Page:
Chinese Tourism To New Zealand
Credit card spending by Chinese in New Zealand up by almost a third
WELLINGTON, New Zealand - Credit card spending by Chinese visitors in New Zealand last year was up by almost a third from its 2011 level, offsetting declining spending by tourists from other traditional source markets, a major international credit card firm announced Wednesday.
Spending with Visa cards rose from NZ$53.6 million ($45.36 million) in 2011 to NZ$70.6 million in 2012.
The growth mirrored the increase in visitor arrivals from China and followed a 56.4 percent rise from the 2010 figures, Caroline Ada, Visa country manager for New Zealand and South Pacific, said in a statement.
"The increase in spend by Chinese tourists, and indeed the number of tourists themselves, shows activity by Tourism New Zealand and other tourism organizations is paying dividends," she said.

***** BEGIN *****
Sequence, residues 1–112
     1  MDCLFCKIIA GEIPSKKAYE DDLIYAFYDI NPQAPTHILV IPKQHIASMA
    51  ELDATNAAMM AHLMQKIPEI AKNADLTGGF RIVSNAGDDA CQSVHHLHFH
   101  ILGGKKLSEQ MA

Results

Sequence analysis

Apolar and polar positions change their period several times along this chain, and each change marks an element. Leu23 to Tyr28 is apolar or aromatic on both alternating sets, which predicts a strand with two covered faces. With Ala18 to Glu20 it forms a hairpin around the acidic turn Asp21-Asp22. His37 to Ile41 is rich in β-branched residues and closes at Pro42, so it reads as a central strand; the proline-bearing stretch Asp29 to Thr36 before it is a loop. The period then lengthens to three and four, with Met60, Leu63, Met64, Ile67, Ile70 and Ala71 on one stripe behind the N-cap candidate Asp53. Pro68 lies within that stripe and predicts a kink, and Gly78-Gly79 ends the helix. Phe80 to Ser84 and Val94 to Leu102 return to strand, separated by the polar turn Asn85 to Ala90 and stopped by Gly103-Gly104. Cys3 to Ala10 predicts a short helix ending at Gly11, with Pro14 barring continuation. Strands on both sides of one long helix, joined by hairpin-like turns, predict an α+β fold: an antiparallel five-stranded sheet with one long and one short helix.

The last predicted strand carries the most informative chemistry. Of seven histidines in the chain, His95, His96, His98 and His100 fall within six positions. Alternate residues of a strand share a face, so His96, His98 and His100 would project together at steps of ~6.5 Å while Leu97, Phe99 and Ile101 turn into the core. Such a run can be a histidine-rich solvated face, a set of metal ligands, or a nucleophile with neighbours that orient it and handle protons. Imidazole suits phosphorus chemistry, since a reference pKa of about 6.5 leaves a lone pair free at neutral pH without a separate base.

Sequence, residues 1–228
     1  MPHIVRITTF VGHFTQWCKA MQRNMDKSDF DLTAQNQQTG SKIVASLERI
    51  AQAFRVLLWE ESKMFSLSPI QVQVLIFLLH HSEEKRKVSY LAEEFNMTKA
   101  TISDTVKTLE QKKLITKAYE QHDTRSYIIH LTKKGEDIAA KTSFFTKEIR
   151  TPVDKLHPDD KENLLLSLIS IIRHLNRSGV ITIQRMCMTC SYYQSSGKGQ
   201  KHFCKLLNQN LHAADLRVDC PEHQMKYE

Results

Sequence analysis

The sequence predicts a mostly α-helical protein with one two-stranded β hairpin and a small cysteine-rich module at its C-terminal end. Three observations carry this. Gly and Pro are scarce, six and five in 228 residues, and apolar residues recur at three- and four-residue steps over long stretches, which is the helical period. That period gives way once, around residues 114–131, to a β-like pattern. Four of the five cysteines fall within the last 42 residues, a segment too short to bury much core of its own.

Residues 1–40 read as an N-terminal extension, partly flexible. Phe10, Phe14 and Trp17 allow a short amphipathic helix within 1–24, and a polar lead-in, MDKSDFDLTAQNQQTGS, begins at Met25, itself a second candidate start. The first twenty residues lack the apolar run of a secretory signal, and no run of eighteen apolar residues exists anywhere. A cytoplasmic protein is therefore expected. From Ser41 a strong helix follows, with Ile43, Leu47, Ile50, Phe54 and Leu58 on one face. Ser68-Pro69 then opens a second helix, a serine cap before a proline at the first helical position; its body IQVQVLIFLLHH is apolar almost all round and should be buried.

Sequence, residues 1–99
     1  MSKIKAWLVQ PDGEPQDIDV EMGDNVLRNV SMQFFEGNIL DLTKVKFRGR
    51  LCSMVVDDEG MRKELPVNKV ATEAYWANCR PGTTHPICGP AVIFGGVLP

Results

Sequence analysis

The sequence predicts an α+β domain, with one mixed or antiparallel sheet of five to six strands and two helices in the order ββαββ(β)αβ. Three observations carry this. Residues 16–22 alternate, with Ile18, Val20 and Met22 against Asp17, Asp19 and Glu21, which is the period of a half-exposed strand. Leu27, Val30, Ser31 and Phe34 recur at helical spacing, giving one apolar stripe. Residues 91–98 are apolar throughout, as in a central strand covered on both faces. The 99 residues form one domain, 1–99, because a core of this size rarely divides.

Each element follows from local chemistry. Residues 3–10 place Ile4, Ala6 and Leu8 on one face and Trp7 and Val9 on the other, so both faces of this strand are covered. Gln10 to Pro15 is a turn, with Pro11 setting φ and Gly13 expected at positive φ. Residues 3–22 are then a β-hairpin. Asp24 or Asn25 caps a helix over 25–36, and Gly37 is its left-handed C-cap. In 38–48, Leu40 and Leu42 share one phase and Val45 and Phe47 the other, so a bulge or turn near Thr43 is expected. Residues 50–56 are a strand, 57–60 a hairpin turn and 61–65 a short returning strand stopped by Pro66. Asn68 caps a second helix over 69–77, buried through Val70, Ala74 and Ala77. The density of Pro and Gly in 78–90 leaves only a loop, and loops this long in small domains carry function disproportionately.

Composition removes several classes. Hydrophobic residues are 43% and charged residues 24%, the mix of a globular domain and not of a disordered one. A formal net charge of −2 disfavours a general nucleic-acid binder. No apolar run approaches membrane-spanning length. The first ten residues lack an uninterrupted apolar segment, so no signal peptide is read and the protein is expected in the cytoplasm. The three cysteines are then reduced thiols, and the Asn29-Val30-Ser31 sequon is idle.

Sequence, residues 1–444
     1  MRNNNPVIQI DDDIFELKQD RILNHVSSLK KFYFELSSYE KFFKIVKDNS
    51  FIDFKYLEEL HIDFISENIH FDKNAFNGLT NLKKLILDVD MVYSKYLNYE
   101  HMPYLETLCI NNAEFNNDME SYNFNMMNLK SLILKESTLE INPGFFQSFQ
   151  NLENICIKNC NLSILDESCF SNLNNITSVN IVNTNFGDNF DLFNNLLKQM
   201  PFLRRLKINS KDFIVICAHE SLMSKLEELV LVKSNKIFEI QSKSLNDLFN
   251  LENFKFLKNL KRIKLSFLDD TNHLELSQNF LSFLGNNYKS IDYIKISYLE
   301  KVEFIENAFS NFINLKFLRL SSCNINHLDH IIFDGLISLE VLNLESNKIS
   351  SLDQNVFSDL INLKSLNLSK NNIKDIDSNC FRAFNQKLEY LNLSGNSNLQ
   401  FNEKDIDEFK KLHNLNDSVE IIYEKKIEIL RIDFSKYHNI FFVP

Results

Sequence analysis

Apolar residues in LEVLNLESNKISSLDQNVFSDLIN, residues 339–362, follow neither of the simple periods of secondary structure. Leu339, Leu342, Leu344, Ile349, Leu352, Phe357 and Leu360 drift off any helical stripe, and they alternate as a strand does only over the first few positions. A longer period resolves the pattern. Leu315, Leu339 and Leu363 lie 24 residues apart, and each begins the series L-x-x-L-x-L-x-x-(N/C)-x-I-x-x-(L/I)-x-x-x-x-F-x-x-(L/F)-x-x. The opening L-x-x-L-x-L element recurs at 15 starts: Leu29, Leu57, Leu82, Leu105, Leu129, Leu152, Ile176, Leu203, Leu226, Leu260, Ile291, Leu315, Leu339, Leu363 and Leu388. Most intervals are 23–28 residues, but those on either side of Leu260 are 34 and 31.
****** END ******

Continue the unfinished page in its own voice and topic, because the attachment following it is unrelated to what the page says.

Visa's data shows the top 10 source markets in 2012 for spending were Australia, the United Kingdom, the United States, Germany, France, China, Canada, Japan, South Korea and Singapore.
Overall, international Visa account holders spent less in New Zealand in 2012 with the total declining by 8.5 percent to NZ$1.85 billion compared to NZ$2.02 billion in 2011, when New Zealand hosted the Rugby World Cup.
The figures represented the drop in total tourist numbers last year and the strong New Zealand dollar, said Kevin Bowler, chief executive of the government's Tourism New Zealand agency.
"When it comes to China today, the story is consistently one of growth - growth in arrivals overall," Bowler said in the statement.
Tourist numbers were down from 2.6 million in 2011 to 2.5 million in 2012, a decrease that could be partially attributed to the Rugby World Cup.
In the year to the end of February, Chinese visitor numbers were up 37.7 percent to 208,704, according to Tourism New Zealand.
The tourism industry remained a significant contributor to New Zealand's GDP, bringing a total of NZ$6.2 billion during the 2011-12 financial year, and creating 119,800 fulltime jobs.